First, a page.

• Take the rest of the plywood off the floor
  • Clean up, fill the holes in the floor and put a rust treatment on the floor

Getting the last of the flooring out…

OK… well technically the last of the flooring is not out yet… but we are getting pretty close.

To get the last of the plywood out we needed to get the the seat brackets out which meant grinding them. There was just no other way.

Simon had never used a grinder before us getting the bus, but by the end of getting these brackets out and all of the screws that were around the wheel wells that refused to come out any other way, he was becoming a pro.


While Khéna and Xavier didn’t stick around much on the days that Simon was working, Colin and Wilhelmina were always by our side. It is not like the other two don’t like helping, they just have other things they like to do.



Seat Bracket out… working on those darn screws!



Now that the brackets and screws are all out, nothing is holding the plywood in place, we so the next step will be to lift it out.

More Flooring out…

Getting the floors out of the bus is not a small task, just like most of the things that we need to do on the bus. As show in my last post, the back of the bus had rotten plywood but the rest of the bus had plywood that looked almost new. I hurt my shoulder at one point last week so as Simon used the crowbar while I concentrated on the screws holding the plywood down on the metal.


Some came up easy, some needed a little help, some made me go crazy and some were just impossible. Finally I found the best strategy.

  • Use the right bit. By this I mean, the biggest bit you have that fits.
  • Using the tork wrench, loosen the screw slightly
  • Use Jig-a-loo or another lubricant and spray the screw so that it can go under a bit.
  • Tap the screw with the hammer a few times.
  • Use the tork wrench or the power drill/screwdriver to get it out slowly work it out. If it doesn’t work tap it a few more times and go onto the next screw while the lubricant gets into it a bit. Then come back to it.

There were even a few that didn’t come out yesterday as much as I tried and pleaded but before heading inside I sprayed/tapped them one more time and in the morning they came out like butter.

Here are the floors with most of the flooring off. Each piece of plywood was held by about 20 screws…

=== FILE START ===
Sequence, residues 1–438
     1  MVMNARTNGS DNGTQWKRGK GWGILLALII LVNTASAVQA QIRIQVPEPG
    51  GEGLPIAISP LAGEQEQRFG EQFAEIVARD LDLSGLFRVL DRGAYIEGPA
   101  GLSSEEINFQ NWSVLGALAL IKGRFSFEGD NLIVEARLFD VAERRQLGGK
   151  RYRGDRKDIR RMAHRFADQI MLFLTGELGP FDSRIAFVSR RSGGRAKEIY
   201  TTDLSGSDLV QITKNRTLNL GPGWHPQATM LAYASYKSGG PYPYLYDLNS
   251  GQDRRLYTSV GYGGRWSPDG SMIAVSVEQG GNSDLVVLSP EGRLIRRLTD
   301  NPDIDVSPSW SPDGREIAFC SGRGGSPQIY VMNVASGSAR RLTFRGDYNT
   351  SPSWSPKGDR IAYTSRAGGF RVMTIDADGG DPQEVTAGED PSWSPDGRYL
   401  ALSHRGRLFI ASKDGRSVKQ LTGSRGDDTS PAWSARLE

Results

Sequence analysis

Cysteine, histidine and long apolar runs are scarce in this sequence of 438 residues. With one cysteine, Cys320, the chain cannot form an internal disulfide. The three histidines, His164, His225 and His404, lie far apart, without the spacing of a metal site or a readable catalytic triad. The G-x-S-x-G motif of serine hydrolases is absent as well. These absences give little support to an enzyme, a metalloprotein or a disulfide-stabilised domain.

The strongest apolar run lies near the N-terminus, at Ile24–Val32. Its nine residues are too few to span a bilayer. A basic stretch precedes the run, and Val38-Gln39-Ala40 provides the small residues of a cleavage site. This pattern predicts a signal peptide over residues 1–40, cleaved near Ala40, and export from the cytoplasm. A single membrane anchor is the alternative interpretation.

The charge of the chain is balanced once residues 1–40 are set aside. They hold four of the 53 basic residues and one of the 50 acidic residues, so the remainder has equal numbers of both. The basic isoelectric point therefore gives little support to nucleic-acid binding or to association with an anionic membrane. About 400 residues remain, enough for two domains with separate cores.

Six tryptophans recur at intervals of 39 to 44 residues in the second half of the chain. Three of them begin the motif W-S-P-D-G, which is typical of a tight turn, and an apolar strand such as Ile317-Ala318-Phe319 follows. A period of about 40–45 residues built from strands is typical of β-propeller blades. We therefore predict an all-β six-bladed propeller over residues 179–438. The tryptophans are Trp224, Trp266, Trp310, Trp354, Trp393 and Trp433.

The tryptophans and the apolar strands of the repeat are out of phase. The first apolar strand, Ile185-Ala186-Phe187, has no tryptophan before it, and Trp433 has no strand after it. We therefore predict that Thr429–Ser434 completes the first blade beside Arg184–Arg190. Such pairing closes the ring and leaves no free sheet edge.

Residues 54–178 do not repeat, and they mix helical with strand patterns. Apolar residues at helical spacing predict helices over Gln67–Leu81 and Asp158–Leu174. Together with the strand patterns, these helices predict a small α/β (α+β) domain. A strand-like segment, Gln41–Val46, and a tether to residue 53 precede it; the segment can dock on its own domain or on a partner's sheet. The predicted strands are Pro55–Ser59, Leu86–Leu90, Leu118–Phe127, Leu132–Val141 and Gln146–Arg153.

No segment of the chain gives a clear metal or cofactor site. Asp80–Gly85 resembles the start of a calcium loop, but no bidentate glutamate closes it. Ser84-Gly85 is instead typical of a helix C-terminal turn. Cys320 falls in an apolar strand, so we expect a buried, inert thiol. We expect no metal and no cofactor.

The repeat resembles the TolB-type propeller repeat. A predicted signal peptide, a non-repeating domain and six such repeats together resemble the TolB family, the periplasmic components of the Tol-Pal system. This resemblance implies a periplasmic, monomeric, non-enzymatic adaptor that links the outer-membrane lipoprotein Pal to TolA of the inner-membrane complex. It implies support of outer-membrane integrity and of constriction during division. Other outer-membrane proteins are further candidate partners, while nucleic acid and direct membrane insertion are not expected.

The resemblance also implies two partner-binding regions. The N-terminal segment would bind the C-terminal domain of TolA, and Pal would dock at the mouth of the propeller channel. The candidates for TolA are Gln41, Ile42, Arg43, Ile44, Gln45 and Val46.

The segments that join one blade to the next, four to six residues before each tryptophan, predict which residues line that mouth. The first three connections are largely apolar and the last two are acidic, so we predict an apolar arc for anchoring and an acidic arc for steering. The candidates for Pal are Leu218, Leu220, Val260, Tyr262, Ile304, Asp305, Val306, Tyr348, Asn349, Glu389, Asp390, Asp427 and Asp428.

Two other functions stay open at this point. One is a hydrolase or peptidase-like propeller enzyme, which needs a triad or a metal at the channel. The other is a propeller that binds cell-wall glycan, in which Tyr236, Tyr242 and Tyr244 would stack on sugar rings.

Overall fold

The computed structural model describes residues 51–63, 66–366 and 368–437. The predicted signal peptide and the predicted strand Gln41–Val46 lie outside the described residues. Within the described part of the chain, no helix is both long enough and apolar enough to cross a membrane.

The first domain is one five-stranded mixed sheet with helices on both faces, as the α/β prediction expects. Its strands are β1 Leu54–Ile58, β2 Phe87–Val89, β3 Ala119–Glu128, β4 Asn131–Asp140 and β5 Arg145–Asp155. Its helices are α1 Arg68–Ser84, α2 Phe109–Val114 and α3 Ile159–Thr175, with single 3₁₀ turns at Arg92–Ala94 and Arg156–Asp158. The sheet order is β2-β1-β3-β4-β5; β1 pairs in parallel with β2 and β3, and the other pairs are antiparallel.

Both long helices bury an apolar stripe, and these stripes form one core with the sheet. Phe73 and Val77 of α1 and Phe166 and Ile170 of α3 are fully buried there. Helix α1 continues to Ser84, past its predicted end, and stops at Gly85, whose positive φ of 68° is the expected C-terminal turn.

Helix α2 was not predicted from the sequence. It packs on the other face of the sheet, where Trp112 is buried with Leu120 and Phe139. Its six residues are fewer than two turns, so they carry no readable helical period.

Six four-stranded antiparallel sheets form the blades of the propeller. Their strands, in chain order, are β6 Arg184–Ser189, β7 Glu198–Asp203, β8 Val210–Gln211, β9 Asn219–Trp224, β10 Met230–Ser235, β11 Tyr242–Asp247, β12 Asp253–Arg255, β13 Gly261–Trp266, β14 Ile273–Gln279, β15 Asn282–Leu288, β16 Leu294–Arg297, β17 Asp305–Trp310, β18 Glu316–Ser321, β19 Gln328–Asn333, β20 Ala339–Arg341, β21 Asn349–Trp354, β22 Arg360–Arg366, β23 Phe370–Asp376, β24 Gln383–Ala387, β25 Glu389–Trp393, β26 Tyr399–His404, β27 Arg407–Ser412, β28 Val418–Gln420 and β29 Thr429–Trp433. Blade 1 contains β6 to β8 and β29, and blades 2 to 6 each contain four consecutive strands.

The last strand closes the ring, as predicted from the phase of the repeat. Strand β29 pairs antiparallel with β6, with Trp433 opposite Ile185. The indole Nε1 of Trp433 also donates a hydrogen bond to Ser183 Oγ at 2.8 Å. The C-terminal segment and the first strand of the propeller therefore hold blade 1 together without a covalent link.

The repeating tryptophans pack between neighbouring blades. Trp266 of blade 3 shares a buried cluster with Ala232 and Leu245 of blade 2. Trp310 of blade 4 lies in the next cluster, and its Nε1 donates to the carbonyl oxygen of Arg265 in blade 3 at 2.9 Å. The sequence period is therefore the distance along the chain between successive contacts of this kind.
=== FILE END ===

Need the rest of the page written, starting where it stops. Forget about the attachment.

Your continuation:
A friend came over today and lent a hand and helped us get most of the plywood out. the pieces in back were a bit rotten but not as much as the other day and it came off in pieces that can’t be reused but didn’t fall apart either.

After that, the rest came out slowly…  maneuvering around the wheel wells, the heaters and the thick layer of caulking that was still holding on for dear life.


There were a few spots of rust after that back section but most of the floors look like new. A very good thing.



We had to stop with the floor while we go the three remaining seats out and we will have to grind those brackets out, but it feels great to know that we almost have all of the floors out now.

Oh and see that sink? It was a garage sale find for 35$ with the faucet. It is nicer than the one in our house 🙂


Next steps:

  • Grinding the seat bracket screws out
  • Getting the rest of the floor covering, screws and plywood out.
  • Getting the front rail and the separater that is behind the drivers seat out
  • filling the holes in the floor, using the wire brush on the rusty parts and then painting the floor with Rust-Oleum paint.

More of the floor…

So after seeing the floor in the back section I was nervous about the condition of the rest of the floor though I did have a feeling that it would be better. So today I started to rip up parts of the rubber floor starting with the centre aisle. Most of the screws were stripped so I used the pry bar on most of it one screw at a time.

I shared this picture yesterday but it shows what the back section looked like yesterday in the centre aisle… and the sides were worse

Rotten, moldy wood that smelled awful and was falling apart in our hands…